“Do you think you’re being clever?” Chris Thorpe posed this question to Ben Kulvichit and Clara Potter-Sweet at last year’s NSDF about their crowd-pleasing show Celebration. The question could equally be asked of Kulvichit’s selected piece this year, Chris Goode’s Speed Death of the Radiant Child. Walking out of the show, I heard multiple conversations led by a slight squirm and a final admittal of: “I don’t think I’m clever enough for it.”
I didn’t get all of Speed Death. It is immensely intellectual. But I got the feeling of it. It is furious and glorious and exudes vulnerability. The body becomes a vessel for nuclear disaster. Destruction is everywhere. The words ooze violence. Its ambiguity in amongst its utter self-assurance is what I have been waiting for at the festival this year. On page 8 Lily James pins down her thoughts on the show, while Daniella Harrison unpicks her own confusion on page 9.
With my head still reeling from the destructive innards of Speed Death and the looming deadline of this issue, our managing editor Richard Tzanov slipped away, having to leave the festival a few days before the rest of us. Richard has been my editor for the past two years of Noises Off. He has taught me the values of kindness, consideration and absolute determination that are needed to put this thing together. I have learnt masses from him - from the way he talks to defensive directors to his bad jokes and good playlists. I will massively miss him from this team.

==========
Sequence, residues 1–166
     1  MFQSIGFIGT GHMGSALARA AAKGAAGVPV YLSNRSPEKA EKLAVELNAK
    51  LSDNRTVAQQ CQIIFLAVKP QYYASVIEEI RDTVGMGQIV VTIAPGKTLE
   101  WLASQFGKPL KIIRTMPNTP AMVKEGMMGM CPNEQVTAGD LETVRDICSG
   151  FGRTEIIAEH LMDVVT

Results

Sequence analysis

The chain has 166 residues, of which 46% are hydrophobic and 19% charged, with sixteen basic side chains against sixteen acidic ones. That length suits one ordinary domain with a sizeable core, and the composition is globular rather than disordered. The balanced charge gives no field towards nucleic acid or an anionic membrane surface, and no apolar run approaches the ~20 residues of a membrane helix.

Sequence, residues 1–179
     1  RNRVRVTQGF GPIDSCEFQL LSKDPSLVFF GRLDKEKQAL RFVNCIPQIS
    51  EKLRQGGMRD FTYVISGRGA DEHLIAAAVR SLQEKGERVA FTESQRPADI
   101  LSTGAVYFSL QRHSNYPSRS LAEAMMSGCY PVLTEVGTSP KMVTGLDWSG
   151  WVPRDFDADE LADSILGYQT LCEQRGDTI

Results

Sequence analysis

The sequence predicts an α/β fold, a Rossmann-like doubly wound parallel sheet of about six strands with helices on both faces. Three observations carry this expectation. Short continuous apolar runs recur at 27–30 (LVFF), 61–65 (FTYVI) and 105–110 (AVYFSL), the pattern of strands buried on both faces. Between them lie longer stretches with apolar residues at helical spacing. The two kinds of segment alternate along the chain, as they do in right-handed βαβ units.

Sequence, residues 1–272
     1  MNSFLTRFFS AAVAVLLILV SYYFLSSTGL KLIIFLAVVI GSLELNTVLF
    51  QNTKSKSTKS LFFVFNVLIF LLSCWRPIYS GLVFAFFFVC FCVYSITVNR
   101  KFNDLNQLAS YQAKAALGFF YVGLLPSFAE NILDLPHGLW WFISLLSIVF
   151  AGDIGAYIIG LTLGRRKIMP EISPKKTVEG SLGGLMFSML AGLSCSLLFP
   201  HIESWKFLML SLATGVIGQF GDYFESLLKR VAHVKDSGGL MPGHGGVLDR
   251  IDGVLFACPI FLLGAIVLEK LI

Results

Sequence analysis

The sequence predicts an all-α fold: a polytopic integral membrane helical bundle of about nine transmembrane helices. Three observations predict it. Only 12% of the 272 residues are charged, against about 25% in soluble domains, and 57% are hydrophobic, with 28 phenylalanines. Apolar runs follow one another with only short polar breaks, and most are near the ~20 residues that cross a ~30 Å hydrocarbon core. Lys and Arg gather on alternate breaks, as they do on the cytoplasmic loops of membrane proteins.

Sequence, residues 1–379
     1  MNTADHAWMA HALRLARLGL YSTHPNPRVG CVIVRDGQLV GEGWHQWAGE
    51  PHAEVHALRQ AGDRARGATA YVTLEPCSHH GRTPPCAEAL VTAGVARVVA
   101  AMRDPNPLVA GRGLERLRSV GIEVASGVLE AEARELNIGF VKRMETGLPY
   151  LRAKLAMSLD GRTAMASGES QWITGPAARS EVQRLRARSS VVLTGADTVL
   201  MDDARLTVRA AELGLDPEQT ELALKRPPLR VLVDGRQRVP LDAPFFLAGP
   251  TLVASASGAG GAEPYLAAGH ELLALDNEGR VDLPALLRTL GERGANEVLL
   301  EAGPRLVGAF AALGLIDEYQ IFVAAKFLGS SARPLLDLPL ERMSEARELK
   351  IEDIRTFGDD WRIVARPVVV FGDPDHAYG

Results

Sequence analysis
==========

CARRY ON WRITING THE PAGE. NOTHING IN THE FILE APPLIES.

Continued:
Richard’s departure also left me feeling temporarily adrift as I realised my safety blanket had been ripped from my shoulders. His leadership has always encouraged me to pave my own way both as a writer and later as an editor, and has encouraged me to push myself and learn. I think Speed Death, in some way, has done something similar.
Speed Death is a piece of art that makes me want to learn. It is not simply because of how clever it is, but because of what it is saying.
Look how much there is to see, it prompts. Look at the weight of it all. Let’s make the most of it before it’s gone.